Thornberg also argues that the district court erred in departing upward pursuant to § 4A1.3 because his use of fake names, identifications, passports, and businesses had already been accounted for by the offense level adjustments imposed under § 2B1.1. We are not persuaded by this argument. The guidelines embody the notion that the severity of a sentence should be determined both by the seriousness of the offense (reflected by the base offense level inquiry under chapter two) and by "the offender and the need to deter him from further criminal activity" (as assessed by the criminal history score calculated under chapter four). United States v. Saffeels, 39 F.3d 833, 836 (8th Cir.1994). In light of these dual considerations, it is permissible to use the same conduct "as the predicate both for establishing a defendant's base offense level ... and for calculating his criminal history category." Id. This same reasoning holds true when the conduct that has been used to establish the offense level is also used to assess the need for an upward departure under § 4A1.3. See United States v. Thin Elk, 321 F.3d 704, 708 n. 3 (8th Cir.2003) ("`[T]he court may depart from the guidelines, even though the reason for departure is taken into consideration in determining the guideline range....'" (quoting USSG § 5K2.0, p.s.)). In this case, the false pieces of identification and business names were relevant both to establish Thornberg's offense level under § 2B1.1 and to determine the adequacy of his criminal history category under § 4A1.3. We therefore conclude that the district court did not engage in impermissible double counting by departing upward.


Thornberg also argues that the district court did not adequately explain why it passed over criminal history category IV when it departed from category III to V. The district court was not required to "specifically mention that it had considered each intermediate criminal history category." United States v. Collins, 104 F.3d 143, 145 (8th Cir.1997). Instead, a court must adequately "explain and support the departure," id., and the district court did so in this case. Drawing on the PSR, it noted Thornberg's failure to reform after his prior mail fraud conviction, possession of several fake passports and false social security numbers, use of multiple aliases, association with over 50 different business names, and possible preparation to commit further fraud with Bell Corporation. The district court did not err in its application of § 4A1.3.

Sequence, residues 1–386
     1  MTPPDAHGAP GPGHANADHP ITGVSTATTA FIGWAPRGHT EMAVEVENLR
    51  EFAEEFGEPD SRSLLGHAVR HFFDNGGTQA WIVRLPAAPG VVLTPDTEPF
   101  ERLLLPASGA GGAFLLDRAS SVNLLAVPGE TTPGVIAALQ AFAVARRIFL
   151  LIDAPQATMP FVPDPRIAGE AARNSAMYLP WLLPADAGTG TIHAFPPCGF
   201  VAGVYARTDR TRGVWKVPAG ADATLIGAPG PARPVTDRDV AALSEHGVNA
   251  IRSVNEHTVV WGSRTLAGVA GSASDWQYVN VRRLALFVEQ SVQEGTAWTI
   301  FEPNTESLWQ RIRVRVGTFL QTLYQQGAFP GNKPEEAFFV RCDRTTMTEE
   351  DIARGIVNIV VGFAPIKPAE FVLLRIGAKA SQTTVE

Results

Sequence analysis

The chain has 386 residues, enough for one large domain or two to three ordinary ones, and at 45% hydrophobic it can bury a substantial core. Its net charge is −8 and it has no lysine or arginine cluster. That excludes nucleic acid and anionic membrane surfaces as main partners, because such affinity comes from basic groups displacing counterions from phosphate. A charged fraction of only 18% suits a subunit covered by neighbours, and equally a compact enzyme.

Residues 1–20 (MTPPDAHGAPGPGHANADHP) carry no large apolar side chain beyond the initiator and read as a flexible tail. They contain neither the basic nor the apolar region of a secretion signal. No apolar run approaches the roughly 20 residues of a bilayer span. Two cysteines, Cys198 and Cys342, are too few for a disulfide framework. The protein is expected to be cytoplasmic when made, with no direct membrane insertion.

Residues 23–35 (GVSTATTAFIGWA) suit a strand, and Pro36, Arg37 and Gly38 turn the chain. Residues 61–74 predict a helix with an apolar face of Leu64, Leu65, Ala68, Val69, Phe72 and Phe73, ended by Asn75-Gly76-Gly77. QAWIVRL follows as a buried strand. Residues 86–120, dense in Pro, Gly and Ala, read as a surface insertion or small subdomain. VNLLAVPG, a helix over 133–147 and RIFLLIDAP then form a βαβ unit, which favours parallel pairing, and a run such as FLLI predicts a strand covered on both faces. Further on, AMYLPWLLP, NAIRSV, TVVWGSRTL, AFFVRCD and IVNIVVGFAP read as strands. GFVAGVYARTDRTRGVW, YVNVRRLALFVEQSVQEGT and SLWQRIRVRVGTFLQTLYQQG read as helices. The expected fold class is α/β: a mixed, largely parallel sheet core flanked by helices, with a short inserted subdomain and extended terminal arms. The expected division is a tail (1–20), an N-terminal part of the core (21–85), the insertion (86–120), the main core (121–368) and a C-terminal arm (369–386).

For these reasons and because we conclude that the district court did not err in departing upward and that its sentence was reasonable, we affirm the judgment.



The Honorable David R. Hansen stepped down as Chief Judge of the United States Court of Appeals for the Eighth Circuit at the close of business on March 31, 2003. He has been succeeded by the Honorable James B. Loken


The Honorable Charles B. Kornmann, United States District Judge for the District of South Dakota


In his reply brief Thornberg raises an additional argument for the first time. He contends that the government should be estopped from supporting the upward departure because it had promised to recommend to the district court a sentence within the guideline range. We note that the plea agreement provided that the government would recommend a sentence within the guideline range calculated by the district court, and the agreement apparently said nothing about limiting the government on an appeal. Moreover, it is well settled that we will not consider an argument raised for the first time in a reply briefNavarijo-Barrios v. Ashcroft, 322 F.3d 561, 564 n. 1 (8th Cir.2003).


Congress has recently passed legislation, to become effective when signed by the president, which amends 18 U.S.C. § 3742(e) and affects the standard of appellate review for sentencing guideline issues, including departuresSee PROTECT Act, S. 151, 108th Cong. § 401(d)(1), (2) (2003). Since the district court did not commit clear error in its fact finding [§ 3742(e)], gave written reasons for its departure [PROTECT Act sec. 401(d)(1), § 3742(e)(3)(A)], did not base its departure on an impermissible factor [id. sec. 401(d)(1), § 3742(e)(3)(B)], and did not abuse its discretion in determining that the sentence was reasonable [id. sec. 401(d)(1), § 3742(e)(3)(C); id. § 401(d)(2)], we would also affirm under the PROTECT Act. See also id. sec. 401(d)(3)(C), § 3742(f)(2).